Quadrotors are highly nonlinear dynamical systems that require carefully tuned controllers to be pushed to their physical limits. Recently, learning-based control policies have been proposed for quadrotors, as they would potentially allow learning direct mappings from high-dimensional raw sensory observations to actions. Due to sample inefficiency, training such learned controllers on the real platform is impractical or even impossible. Training in simulation is attractive but requires to transfer policies between domains, which demands trained policies to be robust to such domain gap. In this work, we make two contributions: (i) we perform the first benchmark comparison of existing learned control policies for agile quadrotor flight and show that training a control policy that commands body-rates and thrust results in more robust sim-to-real transfer compared to a policy that directly specifies individual rotor thrusts, (ii) we demonstrate for the first time that such a control policy trained via deep reinforcement learning can control a quadrotor in real-world experiments at speeds over 45km/h.


References

ICRA22_Kaufmann

E. Kaufmann, L. Bauersfeld, D. Scaramuzza

A Benchmark Comparison of Learned Control Policies for Agile Quadrotor Flight

IEEE International Conference on Robotics and Automation (ICRA), Philadelphia, 2022

PDF YouTube


Policy Search for Model Predictive Control with Application to Agile Drone Flight

Policy Search and Model Predictive Control (MPC) are two different paradigms for robot control: policy search has the strength of automatically learning complex policies using experienced data, while MPC can offer optimal control performance using models and trajectory optimization. An open research question is how to leverage and combine the advantages of both approaches. In this work, we provide an answer by using policy search for automatically choosing high-level decision variables for MPC, which leads to a novel policy-search-for-model-predictive-control framework. Specifically, we formulate the MPC as a parameterized controller, where the hard-to-optimize decision variables are represented as high-level policies. Such a formulation allows optimizing policies in a self-supervised fashion. We validate this framework by focusing on a challenging problem in agile drone flight: flying a quadrotor through fast-moving gates. Experiments show that our controller achieves robust and real-time control performance in both simulation and the real world. The proposed framework offers a new perspective for merging learning and control.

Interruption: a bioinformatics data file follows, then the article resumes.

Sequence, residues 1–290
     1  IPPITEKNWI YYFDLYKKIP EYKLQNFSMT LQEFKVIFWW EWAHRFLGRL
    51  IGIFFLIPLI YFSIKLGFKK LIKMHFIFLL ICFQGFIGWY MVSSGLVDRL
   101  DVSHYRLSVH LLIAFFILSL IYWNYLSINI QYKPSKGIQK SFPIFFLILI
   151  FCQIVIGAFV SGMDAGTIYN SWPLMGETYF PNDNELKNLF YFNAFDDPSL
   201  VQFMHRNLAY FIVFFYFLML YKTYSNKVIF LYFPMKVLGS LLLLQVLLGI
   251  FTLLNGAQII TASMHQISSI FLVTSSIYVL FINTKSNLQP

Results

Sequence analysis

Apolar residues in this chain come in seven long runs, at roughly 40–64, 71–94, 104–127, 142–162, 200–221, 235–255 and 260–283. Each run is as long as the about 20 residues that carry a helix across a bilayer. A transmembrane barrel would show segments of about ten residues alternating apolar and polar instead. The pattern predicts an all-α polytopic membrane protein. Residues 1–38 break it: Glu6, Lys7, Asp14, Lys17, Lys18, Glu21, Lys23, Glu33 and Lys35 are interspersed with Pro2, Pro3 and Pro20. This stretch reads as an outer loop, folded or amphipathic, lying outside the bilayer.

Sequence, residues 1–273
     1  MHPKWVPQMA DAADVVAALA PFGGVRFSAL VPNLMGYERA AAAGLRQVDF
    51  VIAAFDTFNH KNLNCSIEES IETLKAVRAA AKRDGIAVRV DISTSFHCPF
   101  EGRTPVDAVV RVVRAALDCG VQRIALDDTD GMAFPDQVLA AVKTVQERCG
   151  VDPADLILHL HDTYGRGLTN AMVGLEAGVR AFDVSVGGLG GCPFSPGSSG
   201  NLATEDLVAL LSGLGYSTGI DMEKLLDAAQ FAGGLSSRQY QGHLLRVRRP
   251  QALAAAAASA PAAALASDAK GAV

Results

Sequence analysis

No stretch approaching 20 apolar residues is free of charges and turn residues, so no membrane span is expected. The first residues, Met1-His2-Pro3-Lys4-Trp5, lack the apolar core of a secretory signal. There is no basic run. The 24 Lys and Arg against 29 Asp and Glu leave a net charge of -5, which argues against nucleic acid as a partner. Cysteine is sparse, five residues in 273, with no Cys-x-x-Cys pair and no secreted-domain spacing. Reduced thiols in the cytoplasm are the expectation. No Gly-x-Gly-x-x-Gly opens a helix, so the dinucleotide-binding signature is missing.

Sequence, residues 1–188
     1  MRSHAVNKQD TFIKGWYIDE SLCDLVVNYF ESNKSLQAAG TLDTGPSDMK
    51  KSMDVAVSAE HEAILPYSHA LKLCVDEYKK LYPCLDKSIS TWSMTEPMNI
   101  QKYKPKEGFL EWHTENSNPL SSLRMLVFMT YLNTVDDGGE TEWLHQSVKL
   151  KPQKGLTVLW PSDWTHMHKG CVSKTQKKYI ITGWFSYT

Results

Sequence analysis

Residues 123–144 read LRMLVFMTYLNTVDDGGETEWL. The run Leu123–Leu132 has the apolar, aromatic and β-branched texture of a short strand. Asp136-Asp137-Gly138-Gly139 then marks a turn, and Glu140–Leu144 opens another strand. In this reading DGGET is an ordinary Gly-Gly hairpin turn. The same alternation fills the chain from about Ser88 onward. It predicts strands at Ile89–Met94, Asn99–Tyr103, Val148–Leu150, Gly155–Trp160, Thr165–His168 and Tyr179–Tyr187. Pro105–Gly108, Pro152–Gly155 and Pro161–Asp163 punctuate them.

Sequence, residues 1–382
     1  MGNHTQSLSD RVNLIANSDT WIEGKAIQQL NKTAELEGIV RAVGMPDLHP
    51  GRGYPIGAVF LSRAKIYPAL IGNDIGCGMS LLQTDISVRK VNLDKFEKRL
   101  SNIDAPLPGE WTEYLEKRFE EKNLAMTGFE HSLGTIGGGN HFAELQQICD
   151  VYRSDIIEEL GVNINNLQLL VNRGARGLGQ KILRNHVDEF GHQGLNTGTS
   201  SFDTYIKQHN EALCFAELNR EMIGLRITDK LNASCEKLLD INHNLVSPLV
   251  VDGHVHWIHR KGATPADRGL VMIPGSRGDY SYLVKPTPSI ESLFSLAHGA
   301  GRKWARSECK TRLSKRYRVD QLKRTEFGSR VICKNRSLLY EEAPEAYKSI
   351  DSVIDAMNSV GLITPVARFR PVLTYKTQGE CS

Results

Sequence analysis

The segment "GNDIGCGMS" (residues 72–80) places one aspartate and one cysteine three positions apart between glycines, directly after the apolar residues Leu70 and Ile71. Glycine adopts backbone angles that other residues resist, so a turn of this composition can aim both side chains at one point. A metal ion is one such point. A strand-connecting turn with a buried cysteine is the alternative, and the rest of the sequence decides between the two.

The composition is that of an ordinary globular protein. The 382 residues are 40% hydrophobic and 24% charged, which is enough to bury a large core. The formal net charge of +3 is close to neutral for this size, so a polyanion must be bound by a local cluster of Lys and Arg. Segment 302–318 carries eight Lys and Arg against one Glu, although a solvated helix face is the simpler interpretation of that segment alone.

References

TRO21_Yunlong

Y. Song, D. Scaramuzza

Policy Search for Model Predictive Control with Application to Agile Drone Flight

IEEE Transactions on Robotics (T-RO), 2022.

Project Webpage PDF YouTube Code


Expertise Affects Drone Racing Performance

Arxiv21_Pfeiffer

First-person view drone racing has become a popular televised sport. However, very little is known about the perceptual and motor skills of professional drone racing pilots. A better understanding of these skills may inform path planning and control algorithms for autonomous multirotor flight. By using a real-world drone racing track and a large-scale position tracking system, we compare the drone racing performance of five professional and five beginner pilots. Results show that professional pilots consistently outperform beginner pilots by achieving faster lap times, higher velocity, and more efficiently executing the challenging maneuvers. Trajectory analysis shows that experienced pilots choose more optimal racing lines than beginner pilots. Our results provide strong evidence for a contribution of expertise to performances in real-world human-piloted drone racing. We discuss the implications of these results for future work on autonomous fast and agile flight.


References

Expertise Affects Drone Racing Performance

C. Pfeiffer, D. Scaramuzza

Expertise Affects Drone Racing Performance

Arxiv Preprint, 2021.

PDF


Performance, Precision, and Payloads: Adaptive Nonlinear MPC for Quadrotors

Agile quadrotor flight in challenging environments has the potential to revolutionize shipping, transportation, and search and rescue applications. Nonlinear model predictive control (NMPC) has recently shown promising results for agile quadrotor control, but relies on highly accurate models for maximum performance. Hence, model uncertainties in the form of unmodeled complex aerodynamic effects, varying payloads and parameter mismatch will degrade overall system performance. In this paper, we propose L1-NMPC, a novel hybrid adaptive NMPC to learn model uncertainties online and immediately compensate for them, drastically improving performance over the non-adaptive baseline with minimal computational overhead. Our proposed architecture generalizes to many different environments from which we evaluate wind, unknown payloads, and highly agile flight conditions. The proposed method demonstrates immense flexibility and robustness, with more than 90% tracking error reduction over non-adaptive NMPC under large unknown disturbances and without any gain tuning. In addition, the same controller with identical gains can accurately fly highly agile racing trajectories exhibiting top speeds of 70 km/h, offering tracking performance improvements of around 50% relative to the non-adaptive NMPC baseline.